Ever heard of Google Analytics but you’re yet to understand or use it well? Then this is for you. Google Analytics offer an easy and free way to track and analyze visitors on your website. You could have thousands or even millions of visitors every month, but those visitors are practically meaningless if you don’t know anything about them.
With Google Analytics, you can track everything from how much traffic your website is getting to where that traffic is coming from and how visitors are behaving. You can even monitor social media activities, track mobile app traffic, identify trends and integrate other data sources to help you make well-informed business decisions. Let’s get started.
How to set up Google Analytics on your website:
Step 1: Sign up for an account. Business owners or executives must first visit the Google Analytics website and register for a new account. To do so, they need to click the “Access Google Analytics” button and follow the instructions given.
Step 2: Set up account properties. These are the details on what Google Analytics will be monitoring, such as websites, social accounts, blogs, mobile apps, etc., and who will have access to all of the data the service provides.
Step 3: Set up the tracking code. For this step, Web developers need to include the Analytics tracking ID and code in their website or mobile app. This allows for service to collect and send usage data to an organization’s Analytics account.
Follow the steps below as well.
- Sign in to Google Analytics with your Google account
- Click the Admin button on the bottom left sidebar of your dashboard
- Select an account or create an account
- Click on the dropdown menu to create a property
- Click on Website and add your site’s name and URL
- Choose your industry
- Choose your time zone
- Click on Get Tracking ID
- Install Tracking ID on your website
Terms used on Your Google Analytics Profile
Account — where each property lives in your dashboard. You can set up multiple properties in one account or have multiple accounts for different properties
Property — the website or mobile app you want to track
Tracking ID — a unique code added to your site that allows Google Analytics to track it
Conversion — visits that turn into customers or potential customers
Channel/Traffic source — shows where your traffic came from, such as referrals or links from other sites, search engines, social media and emails
Session duration — how long visitors spend on your site
Bounce rate — percentage of visitors that view only a single page and then leave
Event — specific visitor behavior, such as when a visitor clicks on an ad, watches or stops a video, downloads a file and more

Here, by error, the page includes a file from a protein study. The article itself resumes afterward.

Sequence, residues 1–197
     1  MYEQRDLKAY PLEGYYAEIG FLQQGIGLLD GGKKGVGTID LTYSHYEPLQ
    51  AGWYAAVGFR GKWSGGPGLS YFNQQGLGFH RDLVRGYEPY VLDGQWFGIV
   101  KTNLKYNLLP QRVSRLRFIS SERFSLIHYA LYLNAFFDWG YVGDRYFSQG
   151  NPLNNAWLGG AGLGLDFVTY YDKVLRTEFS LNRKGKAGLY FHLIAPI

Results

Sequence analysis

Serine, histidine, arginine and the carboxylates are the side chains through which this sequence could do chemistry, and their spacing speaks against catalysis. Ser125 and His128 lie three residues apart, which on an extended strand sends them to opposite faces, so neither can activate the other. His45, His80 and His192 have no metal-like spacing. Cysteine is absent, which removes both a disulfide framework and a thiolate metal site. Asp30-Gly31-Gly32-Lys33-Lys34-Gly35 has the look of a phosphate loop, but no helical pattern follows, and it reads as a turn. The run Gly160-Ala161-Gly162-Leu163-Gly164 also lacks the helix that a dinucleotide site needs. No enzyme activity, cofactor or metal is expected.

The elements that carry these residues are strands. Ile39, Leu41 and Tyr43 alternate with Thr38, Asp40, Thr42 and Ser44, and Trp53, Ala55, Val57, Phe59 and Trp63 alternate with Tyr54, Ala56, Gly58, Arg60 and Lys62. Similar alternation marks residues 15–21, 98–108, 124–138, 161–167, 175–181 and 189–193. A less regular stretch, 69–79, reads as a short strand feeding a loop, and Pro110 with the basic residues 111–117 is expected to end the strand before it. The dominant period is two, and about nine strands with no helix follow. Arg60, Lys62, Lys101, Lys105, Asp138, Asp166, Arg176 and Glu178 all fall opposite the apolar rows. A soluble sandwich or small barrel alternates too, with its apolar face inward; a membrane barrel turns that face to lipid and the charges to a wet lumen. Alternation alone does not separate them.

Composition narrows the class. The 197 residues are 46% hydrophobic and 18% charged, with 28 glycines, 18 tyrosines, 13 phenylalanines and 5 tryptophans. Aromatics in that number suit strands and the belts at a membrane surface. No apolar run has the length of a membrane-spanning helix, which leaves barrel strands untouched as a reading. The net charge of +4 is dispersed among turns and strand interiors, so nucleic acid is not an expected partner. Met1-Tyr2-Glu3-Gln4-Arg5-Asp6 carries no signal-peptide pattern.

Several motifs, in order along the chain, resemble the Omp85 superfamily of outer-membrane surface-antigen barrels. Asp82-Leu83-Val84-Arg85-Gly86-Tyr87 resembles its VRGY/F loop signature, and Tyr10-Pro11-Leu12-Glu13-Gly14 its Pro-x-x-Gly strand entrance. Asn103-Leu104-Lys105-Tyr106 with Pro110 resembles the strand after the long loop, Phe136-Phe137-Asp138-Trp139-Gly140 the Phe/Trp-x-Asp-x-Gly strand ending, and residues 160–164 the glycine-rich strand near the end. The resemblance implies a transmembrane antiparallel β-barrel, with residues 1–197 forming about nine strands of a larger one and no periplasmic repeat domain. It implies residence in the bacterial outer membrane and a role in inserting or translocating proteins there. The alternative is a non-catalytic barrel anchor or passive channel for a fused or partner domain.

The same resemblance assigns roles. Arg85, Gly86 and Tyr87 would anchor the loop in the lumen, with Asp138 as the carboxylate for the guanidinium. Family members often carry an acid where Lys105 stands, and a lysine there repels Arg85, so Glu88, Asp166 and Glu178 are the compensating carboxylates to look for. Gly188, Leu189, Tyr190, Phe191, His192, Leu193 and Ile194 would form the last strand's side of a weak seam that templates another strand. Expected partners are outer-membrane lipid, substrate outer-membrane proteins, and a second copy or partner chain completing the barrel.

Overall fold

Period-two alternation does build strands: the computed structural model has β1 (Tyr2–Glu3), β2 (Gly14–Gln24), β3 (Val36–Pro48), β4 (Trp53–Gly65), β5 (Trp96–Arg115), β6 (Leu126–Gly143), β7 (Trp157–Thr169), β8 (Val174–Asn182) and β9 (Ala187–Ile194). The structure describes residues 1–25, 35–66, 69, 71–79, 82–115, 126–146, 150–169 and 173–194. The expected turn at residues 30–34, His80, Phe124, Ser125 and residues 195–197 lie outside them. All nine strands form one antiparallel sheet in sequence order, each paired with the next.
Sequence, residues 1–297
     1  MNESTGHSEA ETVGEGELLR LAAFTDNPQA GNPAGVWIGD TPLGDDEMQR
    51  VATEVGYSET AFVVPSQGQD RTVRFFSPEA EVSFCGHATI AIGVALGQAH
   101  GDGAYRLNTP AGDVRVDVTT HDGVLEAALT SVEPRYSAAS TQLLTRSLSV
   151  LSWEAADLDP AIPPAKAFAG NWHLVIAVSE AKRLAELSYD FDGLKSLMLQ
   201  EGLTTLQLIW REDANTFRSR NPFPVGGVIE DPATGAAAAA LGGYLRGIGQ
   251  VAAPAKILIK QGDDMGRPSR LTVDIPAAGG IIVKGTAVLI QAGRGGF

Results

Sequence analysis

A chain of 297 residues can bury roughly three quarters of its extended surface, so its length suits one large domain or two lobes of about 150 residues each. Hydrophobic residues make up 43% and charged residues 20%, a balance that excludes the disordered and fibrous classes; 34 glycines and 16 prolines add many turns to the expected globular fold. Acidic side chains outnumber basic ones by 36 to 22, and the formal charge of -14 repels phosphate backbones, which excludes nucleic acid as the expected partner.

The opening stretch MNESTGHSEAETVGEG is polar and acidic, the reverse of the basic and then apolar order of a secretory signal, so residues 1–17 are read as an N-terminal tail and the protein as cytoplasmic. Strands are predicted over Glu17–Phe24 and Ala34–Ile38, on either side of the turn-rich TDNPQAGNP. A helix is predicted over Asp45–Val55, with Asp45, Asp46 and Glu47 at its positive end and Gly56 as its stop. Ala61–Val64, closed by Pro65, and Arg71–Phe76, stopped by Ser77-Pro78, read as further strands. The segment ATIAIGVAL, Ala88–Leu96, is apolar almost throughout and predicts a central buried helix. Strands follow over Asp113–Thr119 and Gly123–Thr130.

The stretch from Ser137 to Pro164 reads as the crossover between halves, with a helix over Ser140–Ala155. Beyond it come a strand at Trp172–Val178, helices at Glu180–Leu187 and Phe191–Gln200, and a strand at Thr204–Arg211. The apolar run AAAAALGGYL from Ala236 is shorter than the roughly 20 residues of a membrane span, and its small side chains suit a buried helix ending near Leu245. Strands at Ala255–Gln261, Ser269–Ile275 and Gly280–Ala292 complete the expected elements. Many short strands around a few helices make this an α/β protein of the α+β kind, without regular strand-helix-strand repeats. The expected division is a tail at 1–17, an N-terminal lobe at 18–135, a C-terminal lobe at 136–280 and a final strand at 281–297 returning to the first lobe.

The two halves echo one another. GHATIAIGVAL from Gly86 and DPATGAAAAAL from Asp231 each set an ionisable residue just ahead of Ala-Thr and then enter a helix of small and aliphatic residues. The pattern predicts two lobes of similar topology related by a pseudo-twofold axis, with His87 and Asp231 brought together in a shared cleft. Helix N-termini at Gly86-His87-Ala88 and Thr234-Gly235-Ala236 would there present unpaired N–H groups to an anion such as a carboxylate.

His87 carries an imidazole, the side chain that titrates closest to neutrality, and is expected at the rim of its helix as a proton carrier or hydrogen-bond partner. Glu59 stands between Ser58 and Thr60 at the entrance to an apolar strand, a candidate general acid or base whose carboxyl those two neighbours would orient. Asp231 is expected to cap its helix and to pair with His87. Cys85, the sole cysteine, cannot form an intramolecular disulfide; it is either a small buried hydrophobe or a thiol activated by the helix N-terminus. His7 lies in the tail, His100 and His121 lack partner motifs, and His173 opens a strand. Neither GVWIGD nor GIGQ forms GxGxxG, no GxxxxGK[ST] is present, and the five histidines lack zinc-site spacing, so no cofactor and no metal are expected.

Landing page — the first page a visitor sees when visiting your website
Organic search — visitors who visit your site from a link on a search results page
Segment — a way to filter data, such as by category and types of visitors
Types of reports you shouldn’t miss:
Custom reports allow you to configure metrics based on your own categories that are not included in the default settings. For instance, if you own an online store, this section allows you to track traffic based on things such as size, color and product SKUs. You can also integrate external data sources, such as your customer relationship management (CRM) software. Just click on the Customization tab and create your metrics. Look out for the terms below.
Acquisition — shows you where traffic comes from, such as search engines, social media, email marketing campaigns and links from other websites. You’ll find this under the Acquisition tab.
Keywords — tells you what search words visitors used to find your website on a search engine. You’ll find this report in the Behavior tab, under Site Search.
Conversions — tracks how many visitors are converting into newsletter subscribers, shoppers and actual customers. Click on the Conversions tab and choose a type or category of conversion to view a report.
Lifetime value — currently in beta, Lifetime Value reports track visitors throughout their lifetime, from their first visit to conversions, return visits, future purchases and beyond. This can help you figure out what turned these visitors into customers and what made them keep coming back so you can implement changes. Lifetime value is located under the Audience tab.
Landing page — shows you which pages are the most frequent landing pages so you can track down where those visitors are coming from and what’s working on those top pages that’s attracting customers. You’ll find this across different reports under the landing page column.
Active users — monitors how many visitors are actually active on your site within a specific time period, such as the past week, 14 days or month. This will show you what pages the most active users are visiting so you can figure out what’s keeping their attention and apply it to the rest of your website. You can find the active users report in the Audience tab under Active Users.
Installing The Tracking Code
A <script> tracking code is required to track your website. You’ll be taken directly to the Tracking Code section after setting up your account. The tracking code must be on every page you wish to track. If you’re using WordPress for your website, then setting this up should be fairly simple.
By basing your website strategy on insights you learn from Google Analytics, you can more effectively grow your traffic and save time in the process.
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